Run-Flat Tires - 2007 Mini Cooper S Long-Term Road Test

2007 MINI Cooper Long Term Road Test

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2007 Mini Cooper S: Run-Flat Tires

August 08, 2007

Even before the Long-Term intro went "live" (the green flag that allows us to commence blogging) I'd suffered a "Low Tire Pressure Event" in our spanking new 2007 Mini Cooper S. Without planning to, I conducted an impromptu test of the Tire Pressure Monitoring System (TPMS) and the Dunlop run-flat tires.

As I fired-up the 'Coop to drive to the office one recent morning, I was greeted by a large yellow low-tire warning lamp smack-dab in the middle of the dash. Impossible to overlook. Getting out to check, none of the tires looked low. Not surprising with run-flats.

A couple of miles later I was at the nearest gas station, checking pressures: 40, 40, 40, 30. A-ha! The right-rear tire is 25% low - the precise point at which TPMS systems are required to flag a warning.

I added air and listened for leaks. Nothing. It's holding steady. It takes but a few moments to reset the TPMS light using the mutli-function display stalk. (Note: many competing TPMS systems reset themselves when air is added.)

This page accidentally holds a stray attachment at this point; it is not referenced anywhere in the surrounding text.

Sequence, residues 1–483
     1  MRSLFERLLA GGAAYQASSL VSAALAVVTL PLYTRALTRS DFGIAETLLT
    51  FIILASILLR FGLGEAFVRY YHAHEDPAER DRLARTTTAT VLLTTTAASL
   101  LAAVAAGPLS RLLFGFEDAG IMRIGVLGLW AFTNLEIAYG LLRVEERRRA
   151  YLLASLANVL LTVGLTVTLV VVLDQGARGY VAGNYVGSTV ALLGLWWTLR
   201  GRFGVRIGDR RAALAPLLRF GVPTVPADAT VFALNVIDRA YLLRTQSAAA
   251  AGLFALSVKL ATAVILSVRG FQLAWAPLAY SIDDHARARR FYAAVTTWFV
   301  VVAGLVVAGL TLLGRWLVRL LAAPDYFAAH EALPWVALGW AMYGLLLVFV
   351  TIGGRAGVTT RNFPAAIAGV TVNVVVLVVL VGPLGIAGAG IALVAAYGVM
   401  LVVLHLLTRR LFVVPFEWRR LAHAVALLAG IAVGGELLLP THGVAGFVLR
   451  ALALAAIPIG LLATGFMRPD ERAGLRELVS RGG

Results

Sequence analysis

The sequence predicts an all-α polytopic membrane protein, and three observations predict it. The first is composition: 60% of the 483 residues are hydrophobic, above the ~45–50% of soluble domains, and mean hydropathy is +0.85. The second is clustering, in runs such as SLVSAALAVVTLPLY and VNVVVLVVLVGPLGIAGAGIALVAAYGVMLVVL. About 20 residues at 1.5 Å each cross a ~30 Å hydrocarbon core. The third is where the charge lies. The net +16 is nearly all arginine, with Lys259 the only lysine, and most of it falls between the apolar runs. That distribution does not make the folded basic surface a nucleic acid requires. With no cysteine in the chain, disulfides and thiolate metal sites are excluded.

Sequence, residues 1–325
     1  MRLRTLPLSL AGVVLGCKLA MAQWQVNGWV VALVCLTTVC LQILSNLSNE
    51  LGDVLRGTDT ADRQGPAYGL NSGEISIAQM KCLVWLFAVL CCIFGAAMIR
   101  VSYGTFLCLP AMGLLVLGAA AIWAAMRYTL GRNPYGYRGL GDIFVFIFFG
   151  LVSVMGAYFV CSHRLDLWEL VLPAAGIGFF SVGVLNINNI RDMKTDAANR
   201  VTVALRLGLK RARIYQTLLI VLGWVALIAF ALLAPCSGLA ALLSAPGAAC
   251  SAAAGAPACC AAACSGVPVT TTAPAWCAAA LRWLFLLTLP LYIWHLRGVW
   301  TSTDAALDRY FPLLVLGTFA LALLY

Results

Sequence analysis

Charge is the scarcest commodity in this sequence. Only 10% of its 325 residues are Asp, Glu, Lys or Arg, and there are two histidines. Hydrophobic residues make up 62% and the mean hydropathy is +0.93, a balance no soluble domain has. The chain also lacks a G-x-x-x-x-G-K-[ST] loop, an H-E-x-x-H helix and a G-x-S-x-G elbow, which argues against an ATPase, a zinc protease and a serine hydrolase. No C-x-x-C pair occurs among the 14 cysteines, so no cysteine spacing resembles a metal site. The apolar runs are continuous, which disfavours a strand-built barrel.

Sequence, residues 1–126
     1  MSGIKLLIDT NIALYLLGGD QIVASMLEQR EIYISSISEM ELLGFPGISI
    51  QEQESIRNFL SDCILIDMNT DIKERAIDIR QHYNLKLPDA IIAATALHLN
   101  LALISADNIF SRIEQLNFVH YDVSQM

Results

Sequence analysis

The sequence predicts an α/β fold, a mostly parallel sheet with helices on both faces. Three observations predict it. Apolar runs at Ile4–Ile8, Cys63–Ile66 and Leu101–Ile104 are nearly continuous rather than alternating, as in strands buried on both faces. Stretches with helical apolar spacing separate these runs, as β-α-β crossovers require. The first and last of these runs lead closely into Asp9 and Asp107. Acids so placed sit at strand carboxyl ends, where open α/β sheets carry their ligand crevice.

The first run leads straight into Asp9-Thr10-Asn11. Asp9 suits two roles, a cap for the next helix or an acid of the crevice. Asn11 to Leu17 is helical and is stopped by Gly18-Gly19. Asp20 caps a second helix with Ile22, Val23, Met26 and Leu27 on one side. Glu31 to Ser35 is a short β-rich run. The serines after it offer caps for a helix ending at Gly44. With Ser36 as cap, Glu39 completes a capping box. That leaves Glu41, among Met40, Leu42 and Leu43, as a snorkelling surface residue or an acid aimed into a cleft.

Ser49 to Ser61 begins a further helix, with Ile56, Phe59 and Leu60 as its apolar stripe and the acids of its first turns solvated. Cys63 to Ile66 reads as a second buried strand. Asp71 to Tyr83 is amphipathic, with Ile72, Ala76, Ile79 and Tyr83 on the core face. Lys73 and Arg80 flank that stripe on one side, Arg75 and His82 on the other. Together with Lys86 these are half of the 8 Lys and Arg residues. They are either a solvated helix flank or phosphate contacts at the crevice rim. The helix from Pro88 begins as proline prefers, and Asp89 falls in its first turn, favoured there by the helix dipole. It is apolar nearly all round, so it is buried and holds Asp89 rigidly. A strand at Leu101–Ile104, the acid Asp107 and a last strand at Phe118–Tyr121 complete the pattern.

Since I had both TPMS and run-flats, it was safe to continue the trip to work. No problems. No repeat of the TPMS warning.

At Stokes Tire, the trusty local outfit we usually use, the source of the leak was revealed: A nail at the innermost edge of the innermost rib of tread. "Can't be fixed," they said, "too close to the sidewall. You'll need a new one." But their distributor doesn't yet have access to the tire, a Dunlop SP Sport 01 DSST in size 205/45R17 84V. We move on.

So we called nearby Mini dealer(s). All said variations of the same thing: "We can't get that tire yet."

A few phone calls later we found a store that said they could get the tire. It would cost, gulp, $330 plus mounting, and we'd have to wait overnight for it to arrive. We bit the bullet. Only after the tire was mounted and balanced did we notice that it was NOT the exact replacement tire we had ordered. Someone had goofed. Off it came. With no replacement tire available, patching the tire was the only option.

Because rotation through the contact patch causes distortion where sidewall and tread meet, this patch might not hold. But we do have TPMS to clue us in and run-flat capability to get us home. There's always Tire Rack, which lists the tires in stock at $275 each. Mounting and balancing will bring that up over $300.

How did I pick up the nail? Two words: Model Homes. Avoid going to model homes. Besides the clear and present danger of getting new items added to your honey-do list, the places are likely to contain nails dropped by contractors working nearby. But damn, it shouldn't cost over $300! Each!

Dan Edmunds. Director of Vehicle Testing @ 1,318 miles

  • Full Review
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  • Long-Term

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